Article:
Carly Sponarski

Research Interests:
Human dimensions of wildlife

Research Project:
Getting Over the Dam: Overcoming institutional barriers to the recovery of Atlantic salmon by navigating the social-science/policy interface.

Other Online Resources

Degrees:

  • Ph.D. – Natural Resource Geography, Memorial University of Newfoundland, 2014
  • M.E.Des – Environmental Science, University of Calgary, 2010
  • B.S. – Biology, University of British Columbia, 2006

Courses Taught:

  • WLE 445: Management of Endangered and Threatened Species
  • WLE 461: Human Dimensions of Fisheries and Wildlife Conservation
  • WLE 470: Wildlife Policy and Administration

Profile:

Carly Sponarski joined the Department of Wildlife, Fisheries, and Conservation Biology in August 2016. Prior to moving to Orono, Dr. Sponarski was a postdoctoral scholar in Dr. Nicole Ardoin’s Social Ecology lab at Stanford University. She obtained her PhD from Memorial University of Newfoundland in St. John’s, Canada, in Natural Resource Management within the Geography Department; a M.E.Des (Environmental Science) from the University of Calgary in the Faculty of Environmental Design; and a BSc in Animal Biology from the University of British Columbia.

Dr. Sponarski’s research interests focus on the intersection of human (social systems) and natural resources (ecological systems), thus her work is interdisciplinary in nature. At this intersection, she examines the social impacts of resource management – the community interactions, associated conflicts, and decision-making. This research is called, human dimensions of natural resources and she focuses on wildlife and fisheries management issues. Dr. Sponarski is interested in understanding future management directives/objectives, current management strengths/weaknesses, and public opinion towards difference species and management actions.

Selected Publications:

Sponarski, C.C., Loeffler, T.A., Vaske, J.J. & Bath A. J. (2016) Changing attitudes and emotions toward coyotes with experiential education. Journal of Environmental Education. 47(4):296-306 DOI: http://dx.doi.org/10.1080/00958964.2016.1158142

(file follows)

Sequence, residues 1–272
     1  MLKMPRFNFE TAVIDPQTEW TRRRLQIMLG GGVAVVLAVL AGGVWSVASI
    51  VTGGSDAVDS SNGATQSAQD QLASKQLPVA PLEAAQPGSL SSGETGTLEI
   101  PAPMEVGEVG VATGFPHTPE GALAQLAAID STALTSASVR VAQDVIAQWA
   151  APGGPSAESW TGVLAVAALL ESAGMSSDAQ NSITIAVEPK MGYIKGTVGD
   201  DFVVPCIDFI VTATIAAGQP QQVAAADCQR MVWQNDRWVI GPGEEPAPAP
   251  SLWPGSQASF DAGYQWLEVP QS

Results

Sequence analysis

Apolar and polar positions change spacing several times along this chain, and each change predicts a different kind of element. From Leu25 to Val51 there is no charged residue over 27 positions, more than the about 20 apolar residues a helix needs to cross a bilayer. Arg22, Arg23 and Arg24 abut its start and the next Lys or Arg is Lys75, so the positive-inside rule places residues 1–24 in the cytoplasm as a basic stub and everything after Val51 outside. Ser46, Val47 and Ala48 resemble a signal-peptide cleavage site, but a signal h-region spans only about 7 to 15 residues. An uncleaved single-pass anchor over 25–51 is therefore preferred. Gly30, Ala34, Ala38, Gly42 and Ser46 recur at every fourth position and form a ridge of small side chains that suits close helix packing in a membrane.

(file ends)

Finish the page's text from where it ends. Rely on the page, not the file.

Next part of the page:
Sponarski, C.C., Spacapan, M., Miller, C.A., & Vaske, J.J. (2016) Modelling perceived risk from coyotes among Chicago residents. Human Dimensions of Wildlife. 21(6): 491-505. DOI: 10.1080/10871209.2016.1190989

Vaske, J.J., Beaman, J., & Sponarski, C.C., (2016) Rethinking the internal consistency of Cronbach’s alpha. Journal of Leisure Sciences. DOI: http://dx.doi.org/10.1080/01490400.2015.1127189

Sponarski, C.C., Vaske, J.J., & Bath, A.J. (2015) The role of cognitions and emotions in human-coyote interactions. Human Dimensions of Wildlife. 20(3): 238-254

Sponarski, C.C., Vaske, J.J., & Bath, A.J. (2015) Differences in management action acceptability for coyotes in a national park. Wildlife Society Bulletin. 39(2): 239–247

Sponarski, C.C., Vaske, J.J., & Bath, A.J. (2015) Attitudinal differences among residents, park staff, and visitors toward coyotes in Cape Breton Highlands National Park, Nova Scotia, Canada. Society and Natural Resources. 28(7): 720-732

Sponarski, C.C., Bath, A.J., Vaske, J.J., & Musiani, M., (2014). Salient Values, Social Trust, and Attitudes toward Wolf Management in Southwestern Alberta, Canada. Environmental Conservation. 41(4) 303-310

Sponarski, C.C., Bath, A.J., Semeniuk, C., Glikman, J.A., & Musiani, M. (2013). Heterogeneity among rural resident attitudes toward wolves. International Journal of Human Dimensions of Wildlife. 44(4): 239-248

Salomon, M., Sponarski, C.C., Larocque, A., & Avilés, L. (2010). Social organization of the colonial spider Leucauge sp. In the Neotropics: Vertical stratification within colonies. Journal of Arachnology 38(3): 446-451